For the past two years, the meeting held monthly in a bare Trenton conference room determined the fates of hundreds of New Jersey public employees, including scores of teachers and school administrators.
But the process has nothing to do with disciplinary actions or tenure or anything like that. The meetings of the five-member Employee Residency Review Committee are all about where people can live if they want to hold onto their jobs. Under the New Jersey First Act enacted in 2011, all New Jersey public employees must reside in New Jersey. There are a couple of exceptions, and the law grandfathered those who already lived out of state -- as long as they don't move.
But it’s pretty unforgiving otherwise, and it takes some fairly extraordinary circumstances of “critical need or hardship” for someone to live in New York, Pennsylvania, or anywhere else. And that’s where the review committee -- made up of five legislative and gubernatorial appointees -- comes in as the adjudicator of those requests.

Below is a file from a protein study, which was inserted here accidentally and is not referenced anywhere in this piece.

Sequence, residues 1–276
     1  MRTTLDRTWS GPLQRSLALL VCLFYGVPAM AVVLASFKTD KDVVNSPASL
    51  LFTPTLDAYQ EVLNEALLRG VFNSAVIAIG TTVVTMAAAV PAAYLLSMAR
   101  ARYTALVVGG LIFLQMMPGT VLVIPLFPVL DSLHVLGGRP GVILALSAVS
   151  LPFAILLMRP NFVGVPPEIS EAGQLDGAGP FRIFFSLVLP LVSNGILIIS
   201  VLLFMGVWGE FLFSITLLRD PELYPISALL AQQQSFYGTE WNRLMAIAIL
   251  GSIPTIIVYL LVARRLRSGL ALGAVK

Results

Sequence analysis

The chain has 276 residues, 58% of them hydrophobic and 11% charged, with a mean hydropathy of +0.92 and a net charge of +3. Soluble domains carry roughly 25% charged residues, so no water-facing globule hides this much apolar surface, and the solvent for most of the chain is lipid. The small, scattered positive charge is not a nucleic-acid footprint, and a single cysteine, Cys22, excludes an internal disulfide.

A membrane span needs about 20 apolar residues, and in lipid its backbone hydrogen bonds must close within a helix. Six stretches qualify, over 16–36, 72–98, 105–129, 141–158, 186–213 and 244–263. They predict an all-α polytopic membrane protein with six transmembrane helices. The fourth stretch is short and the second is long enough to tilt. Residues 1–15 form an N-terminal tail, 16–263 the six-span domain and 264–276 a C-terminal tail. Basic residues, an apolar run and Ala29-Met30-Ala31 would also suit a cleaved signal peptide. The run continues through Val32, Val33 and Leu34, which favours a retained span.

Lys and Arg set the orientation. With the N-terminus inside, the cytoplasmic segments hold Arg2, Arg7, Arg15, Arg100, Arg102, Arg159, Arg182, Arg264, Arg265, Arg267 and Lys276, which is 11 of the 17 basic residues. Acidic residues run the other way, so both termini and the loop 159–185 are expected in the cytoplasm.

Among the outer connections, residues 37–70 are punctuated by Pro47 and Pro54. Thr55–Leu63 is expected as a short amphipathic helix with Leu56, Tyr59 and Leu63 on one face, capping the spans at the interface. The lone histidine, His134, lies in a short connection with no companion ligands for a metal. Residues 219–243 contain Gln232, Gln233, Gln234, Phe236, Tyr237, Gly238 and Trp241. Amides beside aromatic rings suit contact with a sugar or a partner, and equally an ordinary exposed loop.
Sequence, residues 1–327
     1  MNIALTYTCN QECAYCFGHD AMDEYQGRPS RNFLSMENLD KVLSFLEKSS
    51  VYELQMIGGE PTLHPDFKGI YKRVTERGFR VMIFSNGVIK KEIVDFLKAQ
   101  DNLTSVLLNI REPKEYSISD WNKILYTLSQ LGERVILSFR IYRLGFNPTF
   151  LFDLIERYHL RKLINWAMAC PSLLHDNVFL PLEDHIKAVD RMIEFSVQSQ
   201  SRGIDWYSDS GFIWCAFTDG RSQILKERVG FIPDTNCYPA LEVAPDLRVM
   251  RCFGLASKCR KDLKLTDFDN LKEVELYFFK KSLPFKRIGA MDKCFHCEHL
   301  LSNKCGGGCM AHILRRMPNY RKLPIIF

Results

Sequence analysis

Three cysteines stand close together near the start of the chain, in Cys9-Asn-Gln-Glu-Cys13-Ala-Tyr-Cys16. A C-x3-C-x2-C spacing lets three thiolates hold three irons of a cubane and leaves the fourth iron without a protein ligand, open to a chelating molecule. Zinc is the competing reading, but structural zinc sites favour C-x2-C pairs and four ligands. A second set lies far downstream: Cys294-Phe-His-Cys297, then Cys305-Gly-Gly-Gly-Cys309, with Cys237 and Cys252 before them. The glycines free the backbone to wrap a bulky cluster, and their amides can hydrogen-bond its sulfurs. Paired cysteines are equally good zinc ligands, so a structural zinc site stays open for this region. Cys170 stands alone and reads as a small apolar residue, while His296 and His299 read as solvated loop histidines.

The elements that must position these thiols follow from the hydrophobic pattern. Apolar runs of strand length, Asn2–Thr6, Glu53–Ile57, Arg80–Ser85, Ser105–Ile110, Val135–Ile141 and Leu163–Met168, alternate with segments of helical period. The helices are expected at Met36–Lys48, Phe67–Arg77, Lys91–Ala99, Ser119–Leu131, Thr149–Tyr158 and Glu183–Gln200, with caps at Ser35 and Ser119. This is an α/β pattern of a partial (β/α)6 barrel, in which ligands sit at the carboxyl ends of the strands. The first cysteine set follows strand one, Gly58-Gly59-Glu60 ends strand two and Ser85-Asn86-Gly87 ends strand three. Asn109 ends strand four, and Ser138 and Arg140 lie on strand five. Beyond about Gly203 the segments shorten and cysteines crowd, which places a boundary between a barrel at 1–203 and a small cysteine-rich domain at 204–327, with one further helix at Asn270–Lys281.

In all, 501 cases have come before the committee as of May, with public employees requesting exemptions due to everything from health issues in their families to financial constraints that prevent them from staying in state. More than half of the cases involved local public school employees, followed by those working in state government.
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